Shannon McNulty was a freckled redhead, growing up on Chicago's south side. Shannon recalls her dad planning the family's annual vacations, and trips to her uncle's Michigan home, where the entire clan would gather for water-skiing. Shannon also recalls the many days she would spend with her grandmother, then a Chicago police officer. Her grandfather, too, was a Chicago police officer.
Although she describes her family as a "typical Irish Catholic household which didn't eat meat on Fridays," the McNultys are anything but typical. What is typical, though, is their heartwarming attitude, their fun loving ways, and their caring for everyone with whom they come into contact.
"Even though most people thought I would use my law license in the criminal arena, I wanted to go in a different direction, into civil law, and help people who are at the darkest times of their lives. I thought I could make a difference for them," Shannon said about her turning to tort practice: "I enjoy helping clients get answers to questions that were previously unanswered."
Shannon's travel schedule is hectic, with depositions of experts and witnesses, in preparation for trial. Nonetheless, she makes it a point to spend time with her family, usually for a Sunday dinner. Her brother, also a police officer; her sister, a teacher; and their spouses and children all make for a raucous afternoon, catching up on the week's events while eating mom's meatloaf, pot roast or lasagna.
At one point, Shannon thought she, too, was destined to become a police officer. She earned a bachelor's degree in criminal justice at Loyola University in just three years. She began working for the state, researching criminal justice issues such as homicides trends and serious youth offenders. She went on to work for the Chicago Police Department and soon rose to the ranks of becoming the Director of Administration for the Bureau of Operational Services working as Chief of Staff to the First Deputy Superintendent. She earned her Masters of Science degree from the School of Management of DePaul University while working for the Chicago Police Department. But one of her watch commanders saw that she could help so many more people if she followed her love of the law, and he encouraged her to enroll in law school.
Shannon attended night law school at DePaul, completing it in less time than the scheduled four years. Her boss then met Tom Prindable, Managing Partner at Clifford Law Offices. Recognizing Tom's kind, helpful way, Shannon's boss thought the firm would be a good fit and recommended to Shannon that she speak to him.
She followed up and Tom offered Shannon a clerk's position at the firm. Shannon took a risk in leaving a wonderful, secure job at the Police Department to follow her first love and worked round the clock between her clerking duties and her school work.
Upon graduation, Shannon was sworn in as an attorney in Illinois and became an associate at Clifford Law Offices. She still works round the clock, but now it is helping people involved in rollover cases, small plane crash accidents and tragic injuries on negligently kept premises. Recently, Shannon obtained a $2.98 million settlement on behalf of a carpenter who fell through an unguarded opening at a construction site, suffering a spinal cord injury. She has worked on the cases involving the fire at the Cook County Administration Building which left several people dead and injured many others because of the alleged failure of the 911 response system.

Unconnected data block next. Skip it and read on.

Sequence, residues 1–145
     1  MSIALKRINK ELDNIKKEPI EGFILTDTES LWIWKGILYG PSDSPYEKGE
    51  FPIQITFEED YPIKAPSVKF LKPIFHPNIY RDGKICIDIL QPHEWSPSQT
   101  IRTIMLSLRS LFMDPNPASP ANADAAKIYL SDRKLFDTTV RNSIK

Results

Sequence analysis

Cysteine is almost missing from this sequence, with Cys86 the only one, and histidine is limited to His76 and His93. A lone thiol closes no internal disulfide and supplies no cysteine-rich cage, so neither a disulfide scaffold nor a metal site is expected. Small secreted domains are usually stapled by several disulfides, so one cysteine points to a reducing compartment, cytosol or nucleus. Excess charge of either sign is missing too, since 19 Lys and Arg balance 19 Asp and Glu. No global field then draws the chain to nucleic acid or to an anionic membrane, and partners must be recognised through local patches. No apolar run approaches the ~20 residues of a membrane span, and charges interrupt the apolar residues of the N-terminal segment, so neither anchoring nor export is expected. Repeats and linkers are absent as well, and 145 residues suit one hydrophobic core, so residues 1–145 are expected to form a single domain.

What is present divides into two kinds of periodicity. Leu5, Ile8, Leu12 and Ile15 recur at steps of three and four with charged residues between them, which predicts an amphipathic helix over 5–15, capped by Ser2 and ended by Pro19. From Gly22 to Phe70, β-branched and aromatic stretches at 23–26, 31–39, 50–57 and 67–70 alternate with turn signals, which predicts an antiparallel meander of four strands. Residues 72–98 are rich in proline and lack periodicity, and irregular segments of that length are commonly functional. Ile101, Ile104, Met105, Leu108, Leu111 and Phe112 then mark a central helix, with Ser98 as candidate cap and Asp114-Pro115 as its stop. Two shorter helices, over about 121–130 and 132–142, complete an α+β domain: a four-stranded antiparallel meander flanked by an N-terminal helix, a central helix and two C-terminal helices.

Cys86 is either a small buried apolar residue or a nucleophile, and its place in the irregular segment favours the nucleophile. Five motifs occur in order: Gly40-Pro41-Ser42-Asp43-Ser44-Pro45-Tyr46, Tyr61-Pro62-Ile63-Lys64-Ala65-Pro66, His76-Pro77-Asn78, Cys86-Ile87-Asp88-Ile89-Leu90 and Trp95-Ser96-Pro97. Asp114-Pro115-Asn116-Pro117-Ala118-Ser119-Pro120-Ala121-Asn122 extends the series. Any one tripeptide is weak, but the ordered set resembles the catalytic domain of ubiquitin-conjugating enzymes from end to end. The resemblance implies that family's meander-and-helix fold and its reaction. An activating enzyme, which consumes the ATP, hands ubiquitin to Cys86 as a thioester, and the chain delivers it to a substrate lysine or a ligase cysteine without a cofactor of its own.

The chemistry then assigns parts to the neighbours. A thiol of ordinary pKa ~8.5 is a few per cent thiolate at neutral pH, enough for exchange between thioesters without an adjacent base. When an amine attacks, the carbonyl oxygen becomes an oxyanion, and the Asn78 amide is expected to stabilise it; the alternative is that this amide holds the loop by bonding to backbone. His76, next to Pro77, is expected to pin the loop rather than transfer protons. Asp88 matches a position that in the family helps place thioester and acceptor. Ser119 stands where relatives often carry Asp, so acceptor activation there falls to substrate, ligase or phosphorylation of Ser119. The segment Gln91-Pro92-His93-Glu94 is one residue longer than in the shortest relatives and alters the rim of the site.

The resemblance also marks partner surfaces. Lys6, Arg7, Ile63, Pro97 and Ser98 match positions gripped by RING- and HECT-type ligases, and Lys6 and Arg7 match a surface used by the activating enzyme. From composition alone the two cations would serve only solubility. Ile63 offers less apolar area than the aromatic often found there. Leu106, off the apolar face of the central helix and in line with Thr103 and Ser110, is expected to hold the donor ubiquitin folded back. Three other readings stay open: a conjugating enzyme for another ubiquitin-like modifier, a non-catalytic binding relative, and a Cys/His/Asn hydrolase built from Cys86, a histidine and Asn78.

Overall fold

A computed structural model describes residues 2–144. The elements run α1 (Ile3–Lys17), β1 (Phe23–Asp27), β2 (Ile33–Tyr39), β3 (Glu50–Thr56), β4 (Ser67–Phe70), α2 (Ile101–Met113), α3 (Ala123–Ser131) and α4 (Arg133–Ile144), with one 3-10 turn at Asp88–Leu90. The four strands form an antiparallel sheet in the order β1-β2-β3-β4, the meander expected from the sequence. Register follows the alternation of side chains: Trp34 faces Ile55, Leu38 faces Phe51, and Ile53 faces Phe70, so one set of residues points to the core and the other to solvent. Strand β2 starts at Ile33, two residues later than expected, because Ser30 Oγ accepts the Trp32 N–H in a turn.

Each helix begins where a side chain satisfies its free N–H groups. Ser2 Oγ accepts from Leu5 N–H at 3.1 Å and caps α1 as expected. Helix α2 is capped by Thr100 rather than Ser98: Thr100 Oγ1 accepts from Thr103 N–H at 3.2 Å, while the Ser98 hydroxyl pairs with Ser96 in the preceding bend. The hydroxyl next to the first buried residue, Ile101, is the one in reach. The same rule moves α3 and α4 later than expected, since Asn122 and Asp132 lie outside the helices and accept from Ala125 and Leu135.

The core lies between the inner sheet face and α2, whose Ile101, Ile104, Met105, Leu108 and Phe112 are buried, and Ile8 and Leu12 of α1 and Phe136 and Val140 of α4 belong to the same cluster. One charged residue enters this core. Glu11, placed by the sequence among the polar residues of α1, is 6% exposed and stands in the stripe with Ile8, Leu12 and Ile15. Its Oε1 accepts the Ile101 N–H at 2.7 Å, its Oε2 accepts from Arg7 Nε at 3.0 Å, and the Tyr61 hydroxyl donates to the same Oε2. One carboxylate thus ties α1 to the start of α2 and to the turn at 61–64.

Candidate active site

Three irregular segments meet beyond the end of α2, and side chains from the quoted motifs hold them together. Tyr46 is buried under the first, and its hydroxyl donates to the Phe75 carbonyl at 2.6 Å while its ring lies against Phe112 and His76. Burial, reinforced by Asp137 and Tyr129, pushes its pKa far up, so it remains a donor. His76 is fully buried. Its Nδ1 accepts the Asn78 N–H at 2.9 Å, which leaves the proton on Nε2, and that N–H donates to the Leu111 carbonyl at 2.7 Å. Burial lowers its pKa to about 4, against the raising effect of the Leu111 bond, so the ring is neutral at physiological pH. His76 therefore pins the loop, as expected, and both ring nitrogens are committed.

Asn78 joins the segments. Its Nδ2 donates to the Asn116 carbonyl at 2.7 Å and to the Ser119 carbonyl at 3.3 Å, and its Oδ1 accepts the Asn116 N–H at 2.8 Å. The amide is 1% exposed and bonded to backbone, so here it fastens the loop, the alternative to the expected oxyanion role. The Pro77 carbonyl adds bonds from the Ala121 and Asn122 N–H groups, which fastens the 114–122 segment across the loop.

As a young lawyer, she already has been recognized in 2007 by the Law Bulletin Publishing Company as one of the 40 Lawyers Under 40 to Watch in Illinois. The Chicago Bar Association has asked her to address its Young Lawyers Section in February about how to shape one's career and professional life. She has also been re-appointed to a second term as Vice-Chair of the Chicago Bar's Professional Development Committee.
In her personal life, she somehow finds time to give back to the community. When September 11th occurred, she immediately organized those in the police department to raise awareness and donations for the New York families who lost police officers in that disaster. Shannon still receives holiday cards from those families. She has worked on crime prevention efforts in the Albany Park neighborhood of Chicago and has been recognized for her outstanding service by the U.N.I.T.E. civic organization for trying to make it a safer place to live.
"Shannon truly is a one-of-a-kind individual who tirelessly gives of herself to everyone in need," said Robert Clifford. "She is an invaluable asset to the firm and to all whose lives she touches."
Where does she see herself in 10 years? One can see that she gropes for an answer, her busy schedule allowing her to see only as far as today and tomorrow in accomplishing all that she does. "I would hope my house would be decorated by then," she says with a smile. "And, with our resources at Clifford Law, I hope to have helped many more individuals in that time."
That's Shannon McNulty.
To view her attorney profile, click here.